Think Back

Think Back

A couple of weeks back I read some great posts* about professional development and learning.  They really sum up well those things providers need to remember about learners.  It is about the learning and not the tools, after all. I highly recommend taking the time to read them.

As technology users ourselves we often are so passionate about what we do that we often don’t understand why others do not catch our passion.  We may not realize that some teachers feel the use of technology may be an intrusion into their teaching, imposed on them by others.

Doug Johnson says:

It’s easy to lose the perspective that teachers are teachers first and technology users second – or third or fourth. Good trainers who can remember what it was like before there were computers – the green grass, the singing birds, the books to read, the parties to attend, the fishing trips, the face-to-face human communication– tend to be more empathetic. Think back, think back…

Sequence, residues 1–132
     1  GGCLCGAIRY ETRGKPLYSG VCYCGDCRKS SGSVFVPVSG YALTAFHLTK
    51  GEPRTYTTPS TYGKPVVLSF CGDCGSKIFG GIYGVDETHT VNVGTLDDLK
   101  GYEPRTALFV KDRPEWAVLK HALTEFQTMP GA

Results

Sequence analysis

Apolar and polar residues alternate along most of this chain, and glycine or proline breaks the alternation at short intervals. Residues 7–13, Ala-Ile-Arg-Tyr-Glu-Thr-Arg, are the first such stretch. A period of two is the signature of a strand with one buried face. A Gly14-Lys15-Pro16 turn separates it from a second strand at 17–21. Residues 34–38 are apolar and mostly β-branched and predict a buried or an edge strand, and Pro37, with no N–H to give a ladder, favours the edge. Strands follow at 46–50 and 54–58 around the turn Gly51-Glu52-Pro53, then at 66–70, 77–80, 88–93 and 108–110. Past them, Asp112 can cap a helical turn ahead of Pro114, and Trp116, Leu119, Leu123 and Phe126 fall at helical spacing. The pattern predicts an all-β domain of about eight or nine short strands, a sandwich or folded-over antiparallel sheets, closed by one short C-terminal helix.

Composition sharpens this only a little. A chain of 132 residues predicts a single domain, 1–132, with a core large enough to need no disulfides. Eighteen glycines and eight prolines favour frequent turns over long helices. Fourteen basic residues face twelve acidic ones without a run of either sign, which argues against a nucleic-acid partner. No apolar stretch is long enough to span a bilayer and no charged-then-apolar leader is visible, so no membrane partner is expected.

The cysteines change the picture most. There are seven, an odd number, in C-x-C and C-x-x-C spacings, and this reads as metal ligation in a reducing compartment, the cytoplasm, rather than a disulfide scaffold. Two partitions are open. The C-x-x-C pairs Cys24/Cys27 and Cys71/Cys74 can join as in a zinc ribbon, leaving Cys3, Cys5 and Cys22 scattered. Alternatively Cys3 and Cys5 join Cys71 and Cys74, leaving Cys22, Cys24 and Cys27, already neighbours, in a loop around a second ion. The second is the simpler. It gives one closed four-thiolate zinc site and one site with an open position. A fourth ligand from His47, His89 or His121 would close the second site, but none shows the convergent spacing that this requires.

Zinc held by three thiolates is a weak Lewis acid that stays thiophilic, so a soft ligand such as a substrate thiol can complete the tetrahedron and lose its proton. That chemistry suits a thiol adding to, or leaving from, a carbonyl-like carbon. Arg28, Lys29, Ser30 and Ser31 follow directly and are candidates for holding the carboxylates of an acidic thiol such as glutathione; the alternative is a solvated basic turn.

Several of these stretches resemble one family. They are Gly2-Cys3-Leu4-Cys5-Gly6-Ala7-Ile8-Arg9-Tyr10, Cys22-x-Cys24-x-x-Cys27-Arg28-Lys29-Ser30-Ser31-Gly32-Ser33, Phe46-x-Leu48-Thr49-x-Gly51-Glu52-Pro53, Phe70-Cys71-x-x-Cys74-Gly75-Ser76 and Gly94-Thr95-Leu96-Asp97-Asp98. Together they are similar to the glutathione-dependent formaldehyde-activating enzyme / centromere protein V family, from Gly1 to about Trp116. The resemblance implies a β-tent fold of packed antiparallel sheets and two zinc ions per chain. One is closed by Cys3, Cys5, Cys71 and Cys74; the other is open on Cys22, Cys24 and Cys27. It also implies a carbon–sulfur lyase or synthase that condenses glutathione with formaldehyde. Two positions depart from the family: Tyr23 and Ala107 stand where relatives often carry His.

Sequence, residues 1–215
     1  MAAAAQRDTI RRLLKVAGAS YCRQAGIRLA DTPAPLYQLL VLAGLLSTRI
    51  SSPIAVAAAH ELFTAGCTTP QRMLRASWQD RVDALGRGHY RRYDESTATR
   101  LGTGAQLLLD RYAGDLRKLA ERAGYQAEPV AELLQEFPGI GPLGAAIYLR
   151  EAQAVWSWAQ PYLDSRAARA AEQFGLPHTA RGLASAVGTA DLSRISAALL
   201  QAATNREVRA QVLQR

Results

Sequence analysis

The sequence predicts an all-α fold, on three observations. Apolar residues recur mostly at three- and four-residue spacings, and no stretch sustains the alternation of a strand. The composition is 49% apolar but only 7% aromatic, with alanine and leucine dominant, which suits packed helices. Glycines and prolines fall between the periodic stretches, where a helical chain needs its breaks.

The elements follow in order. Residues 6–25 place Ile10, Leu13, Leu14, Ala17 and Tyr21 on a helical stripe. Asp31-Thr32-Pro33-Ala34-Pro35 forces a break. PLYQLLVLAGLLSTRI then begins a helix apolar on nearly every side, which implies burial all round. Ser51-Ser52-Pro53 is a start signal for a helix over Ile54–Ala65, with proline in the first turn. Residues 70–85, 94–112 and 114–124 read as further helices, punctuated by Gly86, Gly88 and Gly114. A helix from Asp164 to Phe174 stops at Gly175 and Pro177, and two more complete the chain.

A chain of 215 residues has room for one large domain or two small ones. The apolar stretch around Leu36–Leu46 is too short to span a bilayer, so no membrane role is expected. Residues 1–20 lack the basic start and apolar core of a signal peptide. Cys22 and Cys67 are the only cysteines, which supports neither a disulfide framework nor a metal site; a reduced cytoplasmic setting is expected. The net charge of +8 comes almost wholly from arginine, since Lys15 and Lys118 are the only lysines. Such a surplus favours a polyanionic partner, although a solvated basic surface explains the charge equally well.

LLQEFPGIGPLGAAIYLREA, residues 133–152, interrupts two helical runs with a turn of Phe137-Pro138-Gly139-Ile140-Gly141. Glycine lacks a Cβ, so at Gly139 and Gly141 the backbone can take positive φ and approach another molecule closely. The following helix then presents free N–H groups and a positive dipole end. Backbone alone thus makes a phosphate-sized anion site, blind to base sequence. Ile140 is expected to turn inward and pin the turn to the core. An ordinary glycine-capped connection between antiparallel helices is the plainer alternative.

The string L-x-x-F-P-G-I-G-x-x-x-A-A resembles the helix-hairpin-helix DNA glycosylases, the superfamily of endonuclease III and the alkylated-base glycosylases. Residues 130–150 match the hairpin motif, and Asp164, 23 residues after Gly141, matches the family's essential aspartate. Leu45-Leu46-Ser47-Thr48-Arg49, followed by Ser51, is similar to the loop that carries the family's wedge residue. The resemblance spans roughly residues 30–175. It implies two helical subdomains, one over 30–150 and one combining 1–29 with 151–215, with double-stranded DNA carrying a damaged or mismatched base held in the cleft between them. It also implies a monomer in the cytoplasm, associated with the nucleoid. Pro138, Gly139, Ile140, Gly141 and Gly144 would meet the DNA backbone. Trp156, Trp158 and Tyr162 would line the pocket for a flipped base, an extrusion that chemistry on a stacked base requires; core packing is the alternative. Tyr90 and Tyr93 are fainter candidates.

It is this statement I want to reflect on.  What did I do before learning, technology, and networking possessed my every waking thought (sad isn’t it).  I used to cross stitch, read science fiction and history. I used to do a variety of arts & crafts. I visited museums, and parks, I travelled. I wrote letters with good stationary and sealing wax.  I worked on family history and genealogy. I had people over for dinner.